This is the Oilers Morning Report, a stats-heavy, opinion-based review of the previous night’s game. We’ve all read the wrap-ups, watched the highlights, and digested the game. Whether it’s gazing to the heavens, begging the Hockey Gods for answers as to why the Edmonton Oilers lost, or looking for more content to bask in the glory of another Oilers victory, that’s what this is here for.
Here is the review for the @Edmonton Oilers vs. Chicago Blackhawks on Thursday 5 March.
All attempts are at 5v5.
Corsi (CF, CA) is the volume of attempts towards the net (goals, shots on net, misses, blocks); CF% is share of attempts for the team.
Scoring Chances (SCF) are shot attempts with a value of 2 or higher (from the green- 3 and/or pink- 2 area or off a rebound or a rush).
High Danger Chances (HDCF-CA) are shot attempts with a value of 3 or higher.
Expected Goals (xGF%) is based off of combination of shot attempts, shot quality (Low/Medium/High Danger), and shooting percentage (both team and individual).
A more comprehensive explanation can be found at naturalstattrick.com
Save for a decent flurry after their lone powerplay attempt just over halfway through the first period, the Oilers had a bad first period and and even worse second period. They fell behind mightily after two periods, forcing Mike Smith to be pulled before they turned it around and dominated in the third period.
Despite the poor start to the game, the Ryan Nugent-Hopkins, Leon Draisaitl, Kailer Yamamoto line had relatively solid possession numbers, with the NHL’s leading goal-scorer Draisaitl leading the way. He saw a lot of Connor Murphy (9:00 of his 15:49 5v5 TOI) who did a decent job defending him, but Draisaitl still managed to finish the game with a 59.26 CF%, 66.67 SCF%, 4-0 HDCF, and 73.88 xGF%.
The Oilers’ D-corps was savaged, though. Not one of the six had a CF% of over 50.00 (Caleb Jones led the group with exactly 50.00), though three of them finished with a xGF% of over 50.00, which is slightly more encouraging (Ethan Bear 51.38; Matthew Benning 56.73; Kris Russell 62.91)
Mikko Koskinen was solid in relief of Mike Smith, not allowing a single of the ten 5v5 shots he faced to get past him, which included 3 High Danger and 4 Medium Danger chances.
Andreas Athanasiou has had a tough go so far since his first game as an Oiler against the Anaheim Ducks. He and other newcomer Tyler Ennis were immediately placed on the top line with Connor McDavid, where he recored a goal and an assist, but since then he’s floated up and down the line-up. He started the game on the fourth line, but after the team began to really struggle he was moved back up to play with McDavid and the two seemed to have decent chemistry once they were put back together. In fact, he helped raise McDavid’s game back when he was on his line; they played 7:13 5v5 minutes together, raising McDavid’s CF% from 30.00 to 40.00 and xGF% from 18.88 to 26.58.
It’s a loss, but it’s still four points out of a roadtrip that was three games in four days; at this time of year every point matters, but the Oilers showed resilience against a Blackhawks team that is still motivated to fight for a playoff spot.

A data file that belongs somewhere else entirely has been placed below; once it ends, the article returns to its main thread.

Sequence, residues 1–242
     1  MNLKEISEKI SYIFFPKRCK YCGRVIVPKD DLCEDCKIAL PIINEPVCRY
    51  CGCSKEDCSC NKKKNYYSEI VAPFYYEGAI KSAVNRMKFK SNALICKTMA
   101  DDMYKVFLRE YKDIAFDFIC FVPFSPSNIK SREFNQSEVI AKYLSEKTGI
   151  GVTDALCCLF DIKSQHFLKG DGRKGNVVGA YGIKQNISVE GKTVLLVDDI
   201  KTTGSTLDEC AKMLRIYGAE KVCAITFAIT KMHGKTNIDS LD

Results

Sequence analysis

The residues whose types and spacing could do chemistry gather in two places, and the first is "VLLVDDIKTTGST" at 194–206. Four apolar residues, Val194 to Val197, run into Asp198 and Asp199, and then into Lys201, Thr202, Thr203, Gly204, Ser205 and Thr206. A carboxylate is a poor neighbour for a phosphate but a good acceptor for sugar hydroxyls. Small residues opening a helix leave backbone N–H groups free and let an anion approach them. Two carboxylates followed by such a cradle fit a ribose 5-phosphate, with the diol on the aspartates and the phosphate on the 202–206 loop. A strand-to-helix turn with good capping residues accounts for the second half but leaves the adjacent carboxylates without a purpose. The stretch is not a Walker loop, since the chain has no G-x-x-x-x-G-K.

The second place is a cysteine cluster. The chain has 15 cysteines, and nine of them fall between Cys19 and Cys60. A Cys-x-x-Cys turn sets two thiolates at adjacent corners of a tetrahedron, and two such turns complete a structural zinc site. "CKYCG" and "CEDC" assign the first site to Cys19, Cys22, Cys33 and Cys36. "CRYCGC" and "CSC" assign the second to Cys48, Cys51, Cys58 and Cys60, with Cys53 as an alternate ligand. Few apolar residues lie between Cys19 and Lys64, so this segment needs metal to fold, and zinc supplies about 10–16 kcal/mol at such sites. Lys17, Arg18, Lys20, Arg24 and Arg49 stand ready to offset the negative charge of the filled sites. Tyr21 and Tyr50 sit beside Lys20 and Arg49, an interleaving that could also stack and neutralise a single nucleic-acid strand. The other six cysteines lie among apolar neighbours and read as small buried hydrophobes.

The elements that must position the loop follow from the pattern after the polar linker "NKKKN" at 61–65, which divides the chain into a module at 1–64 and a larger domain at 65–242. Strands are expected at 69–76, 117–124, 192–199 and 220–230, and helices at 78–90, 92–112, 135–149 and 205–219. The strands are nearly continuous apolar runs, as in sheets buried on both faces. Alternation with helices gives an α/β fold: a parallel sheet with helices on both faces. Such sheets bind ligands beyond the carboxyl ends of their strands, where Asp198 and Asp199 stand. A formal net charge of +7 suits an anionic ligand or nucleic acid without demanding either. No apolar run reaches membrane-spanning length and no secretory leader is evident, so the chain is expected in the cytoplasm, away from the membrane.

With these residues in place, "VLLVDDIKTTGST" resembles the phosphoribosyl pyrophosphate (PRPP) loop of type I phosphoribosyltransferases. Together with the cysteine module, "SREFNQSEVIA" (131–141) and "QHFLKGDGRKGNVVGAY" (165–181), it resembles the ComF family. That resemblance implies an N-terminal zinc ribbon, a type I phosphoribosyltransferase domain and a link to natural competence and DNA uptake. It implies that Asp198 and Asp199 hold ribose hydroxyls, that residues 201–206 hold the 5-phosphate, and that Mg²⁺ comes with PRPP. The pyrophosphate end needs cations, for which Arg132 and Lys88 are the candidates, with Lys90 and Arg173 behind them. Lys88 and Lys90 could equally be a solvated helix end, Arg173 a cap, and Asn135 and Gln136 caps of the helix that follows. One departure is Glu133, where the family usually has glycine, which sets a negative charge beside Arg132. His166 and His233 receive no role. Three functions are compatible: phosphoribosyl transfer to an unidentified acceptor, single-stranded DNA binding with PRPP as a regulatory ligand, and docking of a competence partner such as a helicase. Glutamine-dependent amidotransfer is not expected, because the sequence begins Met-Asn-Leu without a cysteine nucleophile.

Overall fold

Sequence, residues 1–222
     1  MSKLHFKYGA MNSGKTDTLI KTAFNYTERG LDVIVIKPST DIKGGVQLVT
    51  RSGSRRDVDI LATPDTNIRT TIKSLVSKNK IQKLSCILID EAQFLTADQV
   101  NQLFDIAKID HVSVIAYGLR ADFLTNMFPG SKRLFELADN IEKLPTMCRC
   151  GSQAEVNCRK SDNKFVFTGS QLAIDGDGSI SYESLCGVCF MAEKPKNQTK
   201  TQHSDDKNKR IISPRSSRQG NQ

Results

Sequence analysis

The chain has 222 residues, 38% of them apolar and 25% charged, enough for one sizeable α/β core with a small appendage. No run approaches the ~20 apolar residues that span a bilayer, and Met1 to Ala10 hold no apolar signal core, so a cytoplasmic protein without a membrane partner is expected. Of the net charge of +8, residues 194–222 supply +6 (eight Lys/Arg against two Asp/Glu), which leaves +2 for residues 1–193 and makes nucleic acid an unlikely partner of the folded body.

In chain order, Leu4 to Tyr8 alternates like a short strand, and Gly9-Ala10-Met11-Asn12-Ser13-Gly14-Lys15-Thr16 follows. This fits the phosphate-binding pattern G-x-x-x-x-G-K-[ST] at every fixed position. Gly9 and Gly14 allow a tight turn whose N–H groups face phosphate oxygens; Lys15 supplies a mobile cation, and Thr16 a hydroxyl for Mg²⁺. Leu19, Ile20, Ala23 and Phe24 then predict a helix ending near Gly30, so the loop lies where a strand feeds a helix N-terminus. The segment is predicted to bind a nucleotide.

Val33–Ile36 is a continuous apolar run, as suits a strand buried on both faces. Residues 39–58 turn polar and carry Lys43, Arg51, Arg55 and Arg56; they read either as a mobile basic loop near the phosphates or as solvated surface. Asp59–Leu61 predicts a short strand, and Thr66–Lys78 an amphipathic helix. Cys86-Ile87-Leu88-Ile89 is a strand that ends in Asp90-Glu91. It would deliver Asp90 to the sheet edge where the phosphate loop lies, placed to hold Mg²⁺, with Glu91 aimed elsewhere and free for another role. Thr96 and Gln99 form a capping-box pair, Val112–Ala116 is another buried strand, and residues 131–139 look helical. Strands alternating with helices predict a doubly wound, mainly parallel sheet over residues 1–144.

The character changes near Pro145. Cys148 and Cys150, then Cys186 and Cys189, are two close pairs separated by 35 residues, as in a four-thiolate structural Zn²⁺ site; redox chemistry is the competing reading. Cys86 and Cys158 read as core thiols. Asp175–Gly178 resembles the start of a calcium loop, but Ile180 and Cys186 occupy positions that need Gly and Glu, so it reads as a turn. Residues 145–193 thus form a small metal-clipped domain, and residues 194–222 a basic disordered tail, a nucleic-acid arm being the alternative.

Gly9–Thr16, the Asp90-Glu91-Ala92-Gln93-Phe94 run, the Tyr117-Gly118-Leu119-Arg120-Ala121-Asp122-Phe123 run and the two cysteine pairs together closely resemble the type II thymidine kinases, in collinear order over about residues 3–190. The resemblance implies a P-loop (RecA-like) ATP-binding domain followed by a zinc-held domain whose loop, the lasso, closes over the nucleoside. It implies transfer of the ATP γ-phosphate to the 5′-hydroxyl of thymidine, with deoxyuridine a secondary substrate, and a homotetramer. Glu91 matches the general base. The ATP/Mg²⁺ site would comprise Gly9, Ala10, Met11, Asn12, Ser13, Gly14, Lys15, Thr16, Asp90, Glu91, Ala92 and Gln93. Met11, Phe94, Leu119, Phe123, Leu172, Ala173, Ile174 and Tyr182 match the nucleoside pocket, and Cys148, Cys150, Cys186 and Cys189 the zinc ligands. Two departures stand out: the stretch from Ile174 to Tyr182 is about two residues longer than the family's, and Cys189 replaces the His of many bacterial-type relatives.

It seems as though that Tippett is still trying to find the right line chemistry– outside of the second line– as a combination of new acquisitions Athanasiou and Tyler Ennis and injured/suspended players in James Neal, Zack Kassian, and Yamamoto work their way back into the lineup. Personally, I think it’ll be worth starting Athanasiou on McDavid’s line in the next game, either with James Neal or Ennis, just to give the former Red Wing a chance to find his scoring touch again (he rang a beautiful opportunity off the post minutes into the third period).
It was an ugly game that nearly turned into a gutsy comeback, but as I had mentioned in the last Report, Corey Crawford’s had a sneaky good season and once the Oilers fell behind, it was just too difficult for them to get back into. Still, the game the Oilers played in the third period is closer to what this team is than what they were early in the game, so getting back on track shouldn’t be an issue.
On to: Columbus.
What to Expect:
|CF%||SCF%||HDCF%||xGF%||Goals/60||Road PP%||Road PK%||SH%||SV%|
|48.89 (20th)||49.62 (18th)||50.25 (17th)||51.59 (9th)||2.19 (28th)||15.7 (24th)||77.5 (23rd)||6.91 (28th)||.929 (5th)|
The Columbus Blue Jackets are still fighting for a playoff spot themselves, so it isn’t an easy out for the Oilers as they come home from the road. The Blue Jackets are actually similar to the Blackhawks, in that their offence isn’t anything to really write home about, their special teams are unspectacular, but they’ve had some solid goaltending that has unexpectedly kept them in the playoff race. They edge teams in the High Danger area despite barely generating offence there, but they do so by doing a greater job of minimising the chances against.
The Oilers’ offence can take advantage of what the Blue Jackets’ defence allows, they just need to get off to a better job of getting off to a better start than they did in Chicago. It might be worth starting Mikko Koskinen over Smith, too as the Finn has a HDGSAA of 3.64, with Smith’s is fourth-worst (with goaltenders playing a minimum of 1000 5v5 mins played) of -9.02.
The Oilers also have a vast advantage as far as special teams go, but as they learned against the Blackhawks they can’t rely on that to earn wins.